Tuesday, March 25, 2014
AMSA cancelled search operations today due to bad weather. They plan to resume the search tomorrow.
The cancelled search provides us with an opportunity to consider the doppler effect and why it establishes that MH370 flew south into the southern Indian Ocean as well to review the undisputed facts in an effort to propose a viable theory (i.e., evidence based) that explains what happened to MH370.
The Doppler Effect
The Doppler Effect is the difference you hear in the sound of a siren on an approaching vehicle compared to the sound you hear as the vehicle passes you and recedes in the distance. The siren continuously sounds the same to the driver and anyone in the vehicle, but it gets louder and higher as the vehicle approaches you and softer and lower as it recedes from you. The only time the siren sounds the same to you as it does to the people in the vehicle is when the vehicle reaches you.
Wikipedia describes the effect withe this analogy:
An analogy would be a pitcher throwing one ball every second in a person’s direction (a frequency of 1 ball per second). Assuming that the balls travel at a constant velocity and the pitcher is stationary, the man will catch one ball every second. However, if the pitcher is jogging towards the man, he will catch balls more frequently because the balls will be less spaced out (the frequency increases). The inverse is true if the pitcher is moving away from the man; he will catch balls less frequently because of the pitcher’s backward motion (the frequency decreases). If the pitcher were to move at an angle but with the same speed, the variation of the frequency at which the receiver would catch the ball would be less as the distance between the two would change more slowly.
From the point of view of the pitcher, the frequency remains constant (whether he’s throwing balls or transmitting microwaves). Since with electromagnetic radiation like microwaves frequency is inversely proportional to wavelength, the wavelength of the waves is also affected. Thus, the relative difference in velocity between a source and an observer is what gives rise to the doppler effect.
Inmarsat was able to use the doppler effect to figure out whether MH370 took the northern or southern route by measuring the frequency of the 8 or 9 pinging radio waves. Relative to the position of the satellite in space, they could determine if MH370 was getting closer to the satellite or farther away. Then they verified their theory by using the satellite to determine if other known flights were approaching or receding from the satellite.
Pending an independent review of the data that validates Inmarsat’s conclusions, I will conclude that MH370 took the southern route into the south Indian Ocean.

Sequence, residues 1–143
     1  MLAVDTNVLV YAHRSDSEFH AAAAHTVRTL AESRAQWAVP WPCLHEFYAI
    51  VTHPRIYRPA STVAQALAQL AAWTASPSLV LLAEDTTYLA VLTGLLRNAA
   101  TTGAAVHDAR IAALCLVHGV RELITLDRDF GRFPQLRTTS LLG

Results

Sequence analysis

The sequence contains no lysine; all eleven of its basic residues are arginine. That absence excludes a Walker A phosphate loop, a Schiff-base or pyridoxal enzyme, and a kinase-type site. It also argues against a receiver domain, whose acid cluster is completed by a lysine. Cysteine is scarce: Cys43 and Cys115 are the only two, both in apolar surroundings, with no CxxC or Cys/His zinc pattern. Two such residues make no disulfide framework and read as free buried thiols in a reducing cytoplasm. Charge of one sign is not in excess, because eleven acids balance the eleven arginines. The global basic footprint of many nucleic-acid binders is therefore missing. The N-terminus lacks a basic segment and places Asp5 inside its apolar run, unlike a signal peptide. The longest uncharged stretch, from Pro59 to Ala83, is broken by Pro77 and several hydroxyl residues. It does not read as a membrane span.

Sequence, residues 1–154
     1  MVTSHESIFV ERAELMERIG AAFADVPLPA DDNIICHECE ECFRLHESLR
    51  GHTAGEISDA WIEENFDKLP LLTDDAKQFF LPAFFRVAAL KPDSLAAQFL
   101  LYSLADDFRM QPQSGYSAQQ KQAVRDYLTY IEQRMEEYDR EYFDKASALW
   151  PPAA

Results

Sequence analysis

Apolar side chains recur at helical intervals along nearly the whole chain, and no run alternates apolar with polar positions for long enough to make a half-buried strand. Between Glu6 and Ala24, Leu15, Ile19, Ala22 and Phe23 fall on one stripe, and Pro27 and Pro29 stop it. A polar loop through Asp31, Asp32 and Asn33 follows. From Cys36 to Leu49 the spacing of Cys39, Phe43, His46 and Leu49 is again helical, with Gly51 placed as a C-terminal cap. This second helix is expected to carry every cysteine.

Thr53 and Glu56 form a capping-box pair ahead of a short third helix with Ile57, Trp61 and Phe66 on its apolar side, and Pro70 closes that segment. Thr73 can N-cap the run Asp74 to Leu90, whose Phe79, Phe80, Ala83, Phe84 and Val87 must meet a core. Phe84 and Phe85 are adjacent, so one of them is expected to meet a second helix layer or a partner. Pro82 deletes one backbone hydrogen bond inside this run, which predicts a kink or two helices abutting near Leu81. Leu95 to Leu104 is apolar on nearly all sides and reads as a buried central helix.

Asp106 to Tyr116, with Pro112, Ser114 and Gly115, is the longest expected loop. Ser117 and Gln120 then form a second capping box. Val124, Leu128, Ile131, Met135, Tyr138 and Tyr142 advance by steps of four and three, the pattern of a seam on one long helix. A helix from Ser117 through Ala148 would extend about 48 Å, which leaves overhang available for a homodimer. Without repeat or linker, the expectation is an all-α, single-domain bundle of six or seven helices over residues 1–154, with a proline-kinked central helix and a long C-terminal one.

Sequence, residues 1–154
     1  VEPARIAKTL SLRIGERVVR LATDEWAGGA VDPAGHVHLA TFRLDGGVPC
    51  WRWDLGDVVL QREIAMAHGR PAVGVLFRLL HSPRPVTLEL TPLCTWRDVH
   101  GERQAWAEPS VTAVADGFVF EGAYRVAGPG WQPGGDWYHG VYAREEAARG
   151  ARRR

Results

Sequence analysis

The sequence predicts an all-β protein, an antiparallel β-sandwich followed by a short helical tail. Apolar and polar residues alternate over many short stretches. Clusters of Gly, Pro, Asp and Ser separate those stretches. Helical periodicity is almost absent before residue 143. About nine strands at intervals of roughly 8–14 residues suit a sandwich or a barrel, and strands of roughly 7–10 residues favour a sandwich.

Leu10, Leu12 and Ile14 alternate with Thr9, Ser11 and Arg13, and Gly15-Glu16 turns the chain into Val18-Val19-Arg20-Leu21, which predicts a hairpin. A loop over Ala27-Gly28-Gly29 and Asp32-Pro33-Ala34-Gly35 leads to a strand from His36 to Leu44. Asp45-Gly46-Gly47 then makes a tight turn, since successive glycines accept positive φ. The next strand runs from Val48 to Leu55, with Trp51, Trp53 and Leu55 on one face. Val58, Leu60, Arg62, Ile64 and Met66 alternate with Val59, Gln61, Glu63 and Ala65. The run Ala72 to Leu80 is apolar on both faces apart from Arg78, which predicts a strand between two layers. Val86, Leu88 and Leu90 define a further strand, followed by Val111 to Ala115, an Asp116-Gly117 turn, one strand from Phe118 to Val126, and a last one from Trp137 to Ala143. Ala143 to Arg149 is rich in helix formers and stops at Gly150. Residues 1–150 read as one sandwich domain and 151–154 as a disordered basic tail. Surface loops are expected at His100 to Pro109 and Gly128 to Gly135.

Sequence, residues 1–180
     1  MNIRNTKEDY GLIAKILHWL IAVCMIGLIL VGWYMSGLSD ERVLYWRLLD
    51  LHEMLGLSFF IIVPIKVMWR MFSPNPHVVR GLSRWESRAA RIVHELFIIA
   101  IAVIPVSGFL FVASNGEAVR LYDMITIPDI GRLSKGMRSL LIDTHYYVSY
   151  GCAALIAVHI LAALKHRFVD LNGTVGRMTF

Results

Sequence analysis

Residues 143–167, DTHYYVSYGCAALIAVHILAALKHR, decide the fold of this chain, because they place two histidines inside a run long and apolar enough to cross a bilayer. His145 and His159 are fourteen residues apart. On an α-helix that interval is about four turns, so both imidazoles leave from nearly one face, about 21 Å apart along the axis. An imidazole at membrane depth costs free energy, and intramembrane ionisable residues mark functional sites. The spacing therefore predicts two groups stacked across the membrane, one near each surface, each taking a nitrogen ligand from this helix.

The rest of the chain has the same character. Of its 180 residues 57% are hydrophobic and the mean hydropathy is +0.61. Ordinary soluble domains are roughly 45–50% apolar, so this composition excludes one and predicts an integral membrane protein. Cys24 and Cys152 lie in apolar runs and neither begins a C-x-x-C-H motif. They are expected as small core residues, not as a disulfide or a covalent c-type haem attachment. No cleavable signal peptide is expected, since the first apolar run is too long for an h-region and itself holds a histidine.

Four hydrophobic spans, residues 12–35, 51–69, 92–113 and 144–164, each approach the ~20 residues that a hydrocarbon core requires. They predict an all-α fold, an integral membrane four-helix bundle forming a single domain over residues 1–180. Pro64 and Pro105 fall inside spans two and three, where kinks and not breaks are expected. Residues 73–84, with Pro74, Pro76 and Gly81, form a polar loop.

Nevertheless, I still find it difficult to believe that someone intentionally decided to kill 238 people on the aircraft and then commit suicide by flying MH370 into the southern Indian Ocean until it ran out of gas and plunged into the sea.
Let’s take a look at the undisputed facts:
1. MH270 departed Kuala Lumpur for Beijing at 12:41 am on Saturday, March 8 with 227 passengers and a crew of 12.
2. MH370 confirms reaching cruising altitude of 35,000 feet at 1:01 am.
3. Last ACARS data transmission received at 1:07 am; MH370 reconfirms altitude of 35,000 feet (the ACARS system was disabled sometime after 1:07 am and the next scheduled transmission at 1:37 am). To disable ACARS, a person would have to access the electrical bay beneath the floor behind the cockpit and disconnect the circuit breakers. Access to the electrical bay is through a trap door in the floor that is concealed by a carpet that must be pulled back to reveal the door. A special tool is required to open the door. Although disabled, the system continues to periodically ping the communication satellite approximately once per hour. Inmarsat, which operates the satellite, used the pings to calculate the location of MH370 and its direction of flight.
4. ATC Kuala Lumpur contacts MH370 at 1:19 am and instructs the pilots to contact ATC Ho Chi Minh City in Vietnam for the next leg of the flight. The copilot responds, “All right. Good night.” That is a possibly significant variation in routine, which is to respond, “Roger and out.” Some people, including myself have speculated that the response was a veiled warning that something was amiss. MH370 did not contact ATC Ho Chi Minh City.
5. The transponder was turned off 2 minutes later at 1:21 am.
6. Shortly afterwards the aircraft climbed to 45,000 feet and turned sharply to head back across the Malaysian peninsula. It later traveled some distance at 23,000 feet and even dipped down to 5,000 feet.
7. At 1:30 am a pilot on another flight attempted to contact MH370 but only heard mumbling and static.
8. The expected half-hourly ACARS data transmission at 1:37 am did not happen.
9. At 2:11 am the first of seven automated hourly pings received by the Inmarsat satellite.
10. At 2:15 am the Malaysian military lost radar contact with MH370, which was 200 miles northwest of Penang.
11. At 8:11 am, the Inmarsat satellite received the last ping from MH370.
12. Neither the crew nor the aircraft’s onboard communication systems relayed a distress signal, indications of bad weather, or technical problems before the aircraft vanished from radar screens.
A New Theory
I now suspect there was an attempted hijacking and a struggle in the cockpit that ended with the deaths of everyone on board probably due to a decompression of the aircraft.
Tell us what you think.